IBLEAM (ihb' lih uhm) Place name meaning, “he swallowed the people.” City in tribal territory of Issachar but given to tribe of Manasseh (Joshua 17:11). Many Bible students think Ibleam was the original reading for the Levite city in Joshua 21:25, where the Hebrew text now reads “Gath-rimmon,” also read in Joshua 21:24. A copyist may have copied the name from Joshua 21:24 into Joshua 21:25. Some Greek manuscripts read Iebatha, perhaps a corruption of Ibleam. 1 Chronicles 6:70 reads Bileam, pointing to Ibleam as original. Other Greek manuscripts read Beth-Shean. Manasseh could not conquer Ibleam (Judges 1:27). Jehu, in his coup against Jehoram, king of Israel, also mortally wounded Ahaziah, king of Judah, near Ibleam (2 Kings 9:27). Many Bible students also read Ibleam as the place of attack in 2 Kings 15:10 (REB, TEV, RSV, but not NRSV). The Hebrew text either uses an Aramaic pronoun otherwise unknown in Hebrew meaning, “before”; or it refers to a place Kabal-am otherwise unknown. Some Greek manuscripts read Ibleam. Normal text procedure would see Ibleam as the easier reading adopted in view of 2 Kings 9:27 by a copyist or translator who did not understand the Hebrew text. Ibleam is modern bir Belalmeh about a mile southwest of Jenin.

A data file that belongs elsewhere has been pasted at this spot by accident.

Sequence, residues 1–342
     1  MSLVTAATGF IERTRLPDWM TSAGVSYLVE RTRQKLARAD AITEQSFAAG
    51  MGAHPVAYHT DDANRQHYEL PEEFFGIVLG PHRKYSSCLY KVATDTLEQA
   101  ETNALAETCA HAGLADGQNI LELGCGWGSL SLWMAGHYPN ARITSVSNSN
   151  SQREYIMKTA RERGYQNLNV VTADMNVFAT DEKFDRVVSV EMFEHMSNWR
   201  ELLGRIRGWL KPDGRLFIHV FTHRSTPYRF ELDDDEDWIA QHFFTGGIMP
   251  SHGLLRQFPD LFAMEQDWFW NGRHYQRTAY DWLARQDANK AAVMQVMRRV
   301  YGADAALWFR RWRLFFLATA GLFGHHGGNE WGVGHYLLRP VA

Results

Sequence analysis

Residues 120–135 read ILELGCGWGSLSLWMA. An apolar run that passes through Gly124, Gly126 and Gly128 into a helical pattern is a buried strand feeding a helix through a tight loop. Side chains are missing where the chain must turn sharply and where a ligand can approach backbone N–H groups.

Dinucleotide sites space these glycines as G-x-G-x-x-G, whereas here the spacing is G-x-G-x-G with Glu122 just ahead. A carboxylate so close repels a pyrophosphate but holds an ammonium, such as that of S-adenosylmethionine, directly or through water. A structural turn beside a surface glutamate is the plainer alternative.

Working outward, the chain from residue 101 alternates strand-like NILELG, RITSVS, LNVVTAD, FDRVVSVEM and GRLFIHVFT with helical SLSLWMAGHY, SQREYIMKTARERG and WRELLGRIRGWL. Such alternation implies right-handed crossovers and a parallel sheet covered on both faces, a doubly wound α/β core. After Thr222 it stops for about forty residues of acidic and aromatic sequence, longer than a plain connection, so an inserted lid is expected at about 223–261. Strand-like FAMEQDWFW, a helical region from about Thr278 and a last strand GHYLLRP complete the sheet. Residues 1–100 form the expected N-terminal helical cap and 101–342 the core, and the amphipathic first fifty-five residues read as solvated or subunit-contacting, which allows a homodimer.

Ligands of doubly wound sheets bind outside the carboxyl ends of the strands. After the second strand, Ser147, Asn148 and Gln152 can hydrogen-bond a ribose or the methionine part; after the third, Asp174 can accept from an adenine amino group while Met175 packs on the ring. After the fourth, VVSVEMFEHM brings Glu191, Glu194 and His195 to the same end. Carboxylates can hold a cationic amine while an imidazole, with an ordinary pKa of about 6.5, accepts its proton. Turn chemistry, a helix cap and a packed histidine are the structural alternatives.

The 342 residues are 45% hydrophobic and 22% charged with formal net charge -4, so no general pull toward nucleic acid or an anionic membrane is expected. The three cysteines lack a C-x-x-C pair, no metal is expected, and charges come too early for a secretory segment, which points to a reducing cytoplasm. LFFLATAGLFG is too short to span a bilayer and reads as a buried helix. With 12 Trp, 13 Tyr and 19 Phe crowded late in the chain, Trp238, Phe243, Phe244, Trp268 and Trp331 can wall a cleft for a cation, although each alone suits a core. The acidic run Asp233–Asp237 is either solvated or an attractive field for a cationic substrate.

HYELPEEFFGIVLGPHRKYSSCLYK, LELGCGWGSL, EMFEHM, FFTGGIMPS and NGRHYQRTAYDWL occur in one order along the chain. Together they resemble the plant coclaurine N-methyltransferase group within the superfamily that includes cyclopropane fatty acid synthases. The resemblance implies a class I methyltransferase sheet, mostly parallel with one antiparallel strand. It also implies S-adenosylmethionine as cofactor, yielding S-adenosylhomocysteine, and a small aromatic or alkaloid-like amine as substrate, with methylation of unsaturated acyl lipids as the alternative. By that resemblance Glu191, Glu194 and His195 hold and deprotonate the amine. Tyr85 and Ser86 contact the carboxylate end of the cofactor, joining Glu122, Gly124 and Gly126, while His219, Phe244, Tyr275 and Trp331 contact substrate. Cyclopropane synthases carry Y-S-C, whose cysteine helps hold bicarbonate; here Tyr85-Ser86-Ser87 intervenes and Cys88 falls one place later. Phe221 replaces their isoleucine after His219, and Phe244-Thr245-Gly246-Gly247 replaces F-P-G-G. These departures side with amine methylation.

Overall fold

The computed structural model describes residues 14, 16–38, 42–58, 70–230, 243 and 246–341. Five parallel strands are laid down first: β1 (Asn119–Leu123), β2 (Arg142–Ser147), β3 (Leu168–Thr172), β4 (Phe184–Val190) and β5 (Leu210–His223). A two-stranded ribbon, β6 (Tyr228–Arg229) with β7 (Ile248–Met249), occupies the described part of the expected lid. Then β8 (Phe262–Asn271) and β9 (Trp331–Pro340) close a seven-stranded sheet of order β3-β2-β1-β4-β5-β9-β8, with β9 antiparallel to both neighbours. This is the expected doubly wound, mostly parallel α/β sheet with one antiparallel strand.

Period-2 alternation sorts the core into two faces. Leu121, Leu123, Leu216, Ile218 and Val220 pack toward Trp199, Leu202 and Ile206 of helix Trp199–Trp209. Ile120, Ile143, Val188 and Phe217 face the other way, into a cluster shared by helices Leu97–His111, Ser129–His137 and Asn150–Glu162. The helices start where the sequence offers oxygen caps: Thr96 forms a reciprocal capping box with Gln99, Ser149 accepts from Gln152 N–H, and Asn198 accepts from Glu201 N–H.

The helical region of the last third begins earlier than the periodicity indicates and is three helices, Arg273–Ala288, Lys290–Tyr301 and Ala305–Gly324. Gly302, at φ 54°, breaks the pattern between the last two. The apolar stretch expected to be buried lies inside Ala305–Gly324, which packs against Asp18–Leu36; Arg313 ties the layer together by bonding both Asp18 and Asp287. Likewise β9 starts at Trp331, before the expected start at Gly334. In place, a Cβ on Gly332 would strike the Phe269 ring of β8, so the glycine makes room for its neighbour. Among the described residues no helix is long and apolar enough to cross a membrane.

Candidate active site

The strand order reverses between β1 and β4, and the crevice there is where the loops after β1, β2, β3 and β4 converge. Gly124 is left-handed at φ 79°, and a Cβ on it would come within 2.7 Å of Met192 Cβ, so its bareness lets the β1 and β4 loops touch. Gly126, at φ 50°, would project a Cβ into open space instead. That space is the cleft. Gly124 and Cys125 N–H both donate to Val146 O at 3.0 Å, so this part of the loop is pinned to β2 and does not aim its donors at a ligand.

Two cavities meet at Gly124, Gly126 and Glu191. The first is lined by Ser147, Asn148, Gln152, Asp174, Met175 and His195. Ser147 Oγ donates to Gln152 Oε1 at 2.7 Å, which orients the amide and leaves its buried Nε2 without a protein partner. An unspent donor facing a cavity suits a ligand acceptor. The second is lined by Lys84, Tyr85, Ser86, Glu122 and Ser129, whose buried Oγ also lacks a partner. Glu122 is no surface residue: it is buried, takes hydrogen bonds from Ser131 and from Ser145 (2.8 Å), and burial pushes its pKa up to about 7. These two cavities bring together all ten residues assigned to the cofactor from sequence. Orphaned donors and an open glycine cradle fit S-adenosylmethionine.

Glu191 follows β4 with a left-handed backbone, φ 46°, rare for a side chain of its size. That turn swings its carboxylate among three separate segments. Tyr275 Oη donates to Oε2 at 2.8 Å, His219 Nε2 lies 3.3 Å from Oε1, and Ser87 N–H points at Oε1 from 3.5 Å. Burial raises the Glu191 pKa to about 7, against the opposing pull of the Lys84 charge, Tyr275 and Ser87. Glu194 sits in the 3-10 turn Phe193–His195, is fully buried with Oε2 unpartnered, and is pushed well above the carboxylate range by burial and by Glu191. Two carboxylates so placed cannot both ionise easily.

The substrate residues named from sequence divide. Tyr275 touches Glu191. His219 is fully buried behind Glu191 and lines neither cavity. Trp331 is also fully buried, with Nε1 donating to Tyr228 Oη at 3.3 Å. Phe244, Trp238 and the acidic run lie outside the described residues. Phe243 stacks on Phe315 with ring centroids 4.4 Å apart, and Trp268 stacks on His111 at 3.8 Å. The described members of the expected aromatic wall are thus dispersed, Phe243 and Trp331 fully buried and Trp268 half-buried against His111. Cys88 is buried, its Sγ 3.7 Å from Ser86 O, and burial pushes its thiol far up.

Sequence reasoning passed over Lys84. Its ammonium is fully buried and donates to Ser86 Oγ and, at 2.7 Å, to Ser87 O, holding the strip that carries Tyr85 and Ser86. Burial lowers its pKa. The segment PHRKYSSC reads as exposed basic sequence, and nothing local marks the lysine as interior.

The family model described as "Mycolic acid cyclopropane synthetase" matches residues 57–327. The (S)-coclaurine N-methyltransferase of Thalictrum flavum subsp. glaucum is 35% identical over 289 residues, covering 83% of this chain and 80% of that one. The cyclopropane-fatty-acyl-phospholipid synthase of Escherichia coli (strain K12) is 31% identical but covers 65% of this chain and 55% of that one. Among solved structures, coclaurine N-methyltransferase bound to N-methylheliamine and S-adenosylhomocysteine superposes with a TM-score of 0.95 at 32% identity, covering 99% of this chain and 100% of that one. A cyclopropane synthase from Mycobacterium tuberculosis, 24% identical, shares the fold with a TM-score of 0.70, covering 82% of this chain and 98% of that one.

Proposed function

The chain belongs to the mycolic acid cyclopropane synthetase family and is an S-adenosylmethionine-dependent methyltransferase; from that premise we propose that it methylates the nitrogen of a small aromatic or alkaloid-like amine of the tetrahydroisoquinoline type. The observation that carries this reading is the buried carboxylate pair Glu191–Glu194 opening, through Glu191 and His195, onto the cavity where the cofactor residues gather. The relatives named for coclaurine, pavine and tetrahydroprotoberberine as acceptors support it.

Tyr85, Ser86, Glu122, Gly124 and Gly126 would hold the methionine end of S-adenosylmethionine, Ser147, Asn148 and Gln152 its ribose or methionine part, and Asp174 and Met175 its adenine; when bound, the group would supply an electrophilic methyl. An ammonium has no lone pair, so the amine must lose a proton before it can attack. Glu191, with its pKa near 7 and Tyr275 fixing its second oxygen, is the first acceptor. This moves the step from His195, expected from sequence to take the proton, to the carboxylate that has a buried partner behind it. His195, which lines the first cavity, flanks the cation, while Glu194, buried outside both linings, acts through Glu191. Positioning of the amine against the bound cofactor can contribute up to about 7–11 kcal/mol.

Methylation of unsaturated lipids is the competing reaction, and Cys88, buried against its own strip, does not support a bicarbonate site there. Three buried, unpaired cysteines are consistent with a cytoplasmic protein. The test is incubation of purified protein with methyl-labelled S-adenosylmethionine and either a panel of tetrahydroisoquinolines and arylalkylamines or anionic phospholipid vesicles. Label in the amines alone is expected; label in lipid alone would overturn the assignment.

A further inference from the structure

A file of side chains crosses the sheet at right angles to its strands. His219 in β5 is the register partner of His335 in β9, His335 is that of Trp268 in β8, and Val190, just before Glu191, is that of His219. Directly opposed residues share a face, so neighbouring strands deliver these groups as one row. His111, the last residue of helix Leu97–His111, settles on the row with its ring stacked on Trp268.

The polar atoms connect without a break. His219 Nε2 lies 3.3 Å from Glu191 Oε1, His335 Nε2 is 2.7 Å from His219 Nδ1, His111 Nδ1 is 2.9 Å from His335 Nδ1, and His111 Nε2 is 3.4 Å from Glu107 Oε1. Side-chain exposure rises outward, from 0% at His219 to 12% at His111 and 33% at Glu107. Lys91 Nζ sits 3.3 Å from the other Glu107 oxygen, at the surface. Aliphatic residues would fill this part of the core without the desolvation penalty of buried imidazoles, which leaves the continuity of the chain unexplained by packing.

These dictionary topics are from the Holman Bible Dictionary, published by Broadman & Holman, 1991. All rights reserved. Used by permission of Broadman & Holman.